I was born in the 1970s, but I don’t remember much of it. I was three years old when the decade ended.
Regrettably, I do remember shag carpet. To my family’s everlasting shame, we had it in our home well into the late 1980s.
Apart from shag carpet and earth tones, the 1970s were best known as the decade of stagflation. The United States experienced the unfortunate combination of high inflation and economic malaise.
These things shouldn’t go together. Inflation is supposed to be a byproduct of growth. You’re not supposed to have high inflation and high unemployment at the same time.
I bring this up because, with the Federal Reserve pumping $120 billion of liquidity into the market every month, inflation is a real threat for the first time in decades.
That’s a big deal.
If you aren’t prepared for inflation, it can take a wrecking ball to your portfolio.
The Two Faces of Inflation
Not all inflation is created equal.
You can break down most inflation into the “demand-pull” and “cost-push” varieties.
If there is such a thing as good inflation, it would be demand-pull inflation. This is when excessive demand leads to rising prices. If the cost of living increases because the economy is booming and people are throwing a lot more money around, that may not be a cause for concern.
Cost-push inflation is the nasty one. This is what you get when crimped supplies cause shortages. Think crude oil in the 1970s. Oil embargos created shortages, which caused prices to soar with no real change in demand. Cost-push inflation is what gives you stagflation.
So, where are we today?
To the extent we have inflation — and I should be clear that it is still very muted — it’s mostly the demand-pull variety. Supply-chain mishaps due to the pandemic and the semiconductor shortage lead to cost-push inflation in a few pockets of the economy.
Stepped-up unemployment benefits, COVID-19 relief checks and almost unlimited asset purchases by the Fed are boosting demand.
The takeaway: We’re not likely to see a repeat of 1970s-style stagflation, or at least not anytime soon. To the extent we get rising prices, soaring demand is the cause for the most part.
What Happens Now?
The Fed has made it abundantly clear that it considers 2% inflation “about right.” The number may run a little hot over the next year or two. But 2% is the annual rate the Fed wants to see over the long term.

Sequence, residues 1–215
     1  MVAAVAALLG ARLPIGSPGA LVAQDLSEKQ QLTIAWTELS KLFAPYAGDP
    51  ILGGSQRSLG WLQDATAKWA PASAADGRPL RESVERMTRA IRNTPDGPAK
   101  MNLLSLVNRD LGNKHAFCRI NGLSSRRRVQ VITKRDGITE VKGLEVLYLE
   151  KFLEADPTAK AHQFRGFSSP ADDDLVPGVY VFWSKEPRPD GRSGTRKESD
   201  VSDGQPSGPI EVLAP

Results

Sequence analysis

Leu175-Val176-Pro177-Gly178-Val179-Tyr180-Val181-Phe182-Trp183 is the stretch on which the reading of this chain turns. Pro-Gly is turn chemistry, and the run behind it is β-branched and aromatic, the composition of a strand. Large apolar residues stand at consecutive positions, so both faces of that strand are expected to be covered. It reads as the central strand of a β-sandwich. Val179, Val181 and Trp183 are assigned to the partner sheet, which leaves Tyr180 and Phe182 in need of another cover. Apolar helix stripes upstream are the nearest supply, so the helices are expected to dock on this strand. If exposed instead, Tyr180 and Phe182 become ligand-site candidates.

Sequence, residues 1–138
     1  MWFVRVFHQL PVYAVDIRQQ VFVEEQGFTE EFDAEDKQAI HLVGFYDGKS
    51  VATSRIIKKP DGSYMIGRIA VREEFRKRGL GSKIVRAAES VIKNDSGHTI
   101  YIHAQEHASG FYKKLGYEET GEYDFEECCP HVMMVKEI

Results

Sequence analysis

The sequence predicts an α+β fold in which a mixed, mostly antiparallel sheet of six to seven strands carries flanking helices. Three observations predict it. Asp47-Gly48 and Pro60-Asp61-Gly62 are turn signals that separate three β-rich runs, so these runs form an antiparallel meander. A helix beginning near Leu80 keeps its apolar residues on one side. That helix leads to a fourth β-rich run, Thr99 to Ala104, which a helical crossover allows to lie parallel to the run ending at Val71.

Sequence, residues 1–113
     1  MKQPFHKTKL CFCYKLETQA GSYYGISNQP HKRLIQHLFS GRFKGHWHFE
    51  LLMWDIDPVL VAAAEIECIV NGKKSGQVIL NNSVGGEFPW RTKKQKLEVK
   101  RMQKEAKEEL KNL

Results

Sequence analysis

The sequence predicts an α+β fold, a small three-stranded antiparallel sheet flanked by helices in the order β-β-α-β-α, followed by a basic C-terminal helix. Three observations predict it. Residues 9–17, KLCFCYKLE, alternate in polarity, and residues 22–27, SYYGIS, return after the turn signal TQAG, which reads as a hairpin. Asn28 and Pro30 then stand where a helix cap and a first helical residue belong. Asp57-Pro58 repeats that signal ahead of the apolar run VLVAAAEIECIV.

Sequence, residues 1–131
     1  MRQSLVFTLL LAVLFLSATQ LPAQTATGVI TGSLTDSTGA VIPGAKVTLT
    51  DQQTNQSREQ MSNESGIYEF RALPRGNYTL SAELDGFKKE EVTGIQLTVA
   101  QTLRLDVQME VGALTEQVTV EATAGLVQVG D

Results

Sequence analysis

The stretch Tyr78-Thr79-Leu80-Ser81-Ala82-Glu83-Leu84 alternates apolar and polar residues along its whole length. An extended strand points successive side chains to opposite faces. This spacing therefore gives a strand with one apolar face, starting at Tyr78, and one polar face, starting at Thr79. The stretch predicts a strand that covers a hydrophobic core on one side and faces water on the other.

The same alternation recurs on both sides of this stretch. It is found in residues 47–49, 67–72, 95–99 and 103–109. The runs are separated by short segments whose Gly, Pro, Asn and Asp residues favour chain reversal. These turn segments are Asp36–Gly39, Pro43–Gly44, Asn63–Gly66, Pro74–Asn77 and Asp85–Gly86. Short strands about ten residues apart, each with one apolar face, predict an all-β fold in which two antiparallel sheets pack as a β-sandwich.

That might not sound all that bad. But consider this: 2% per year compounded gets you to 22% over 10 years. That means the value of a dollar today gets chopped down to just 78 cents a decade from now.
So, while 2% inflation might not sound like a big deal, it isn’t much to worry about in a single year. But it’s insidious over a longer time frame. It sneaks up on you, and it will wreck the value of your savings.
So, how do you protect your portfolio from inflation?
Gold and real estate are traditional inflation hedges. And both have done a good job of diversifying a stock portfolio over time. Bitcoin and other cryptocurrencies have stepped up to perform much of the same role. Inflation-protected bonds like TIPS are a solid option as well.
Of course, simply making good investments gets you most of the way there. We expect the stocks we recommend in Green Zone Fortunes to outperform the rate of inflation by a good margin over time. And our historical data backs it up.
In fact, our rules-based approach helped Green Zone Fortunes subscribers lock-in average gains of 50% with an average hold of 110 days since July 2020.
Adam spent years developing the Green Zone Ratings system, and we used it to find each of these recommendations. We used the six-factor system to create our own “rules” for investing. If you’d like to see how to gain access to our research, our model portfolio, monthly stock selections and details on Adam’s Millionaire Master Class, click here.
To safe profits,
Editor, Green Zone Fortunes
Charles Sizemore is the editor of Green Zone Fortunes and specializes in income and retirement topics. Charles is a regular on The Bull & The Bear podcast. He is also a frequent guest on CNBC, Bloomberg and Fox Business.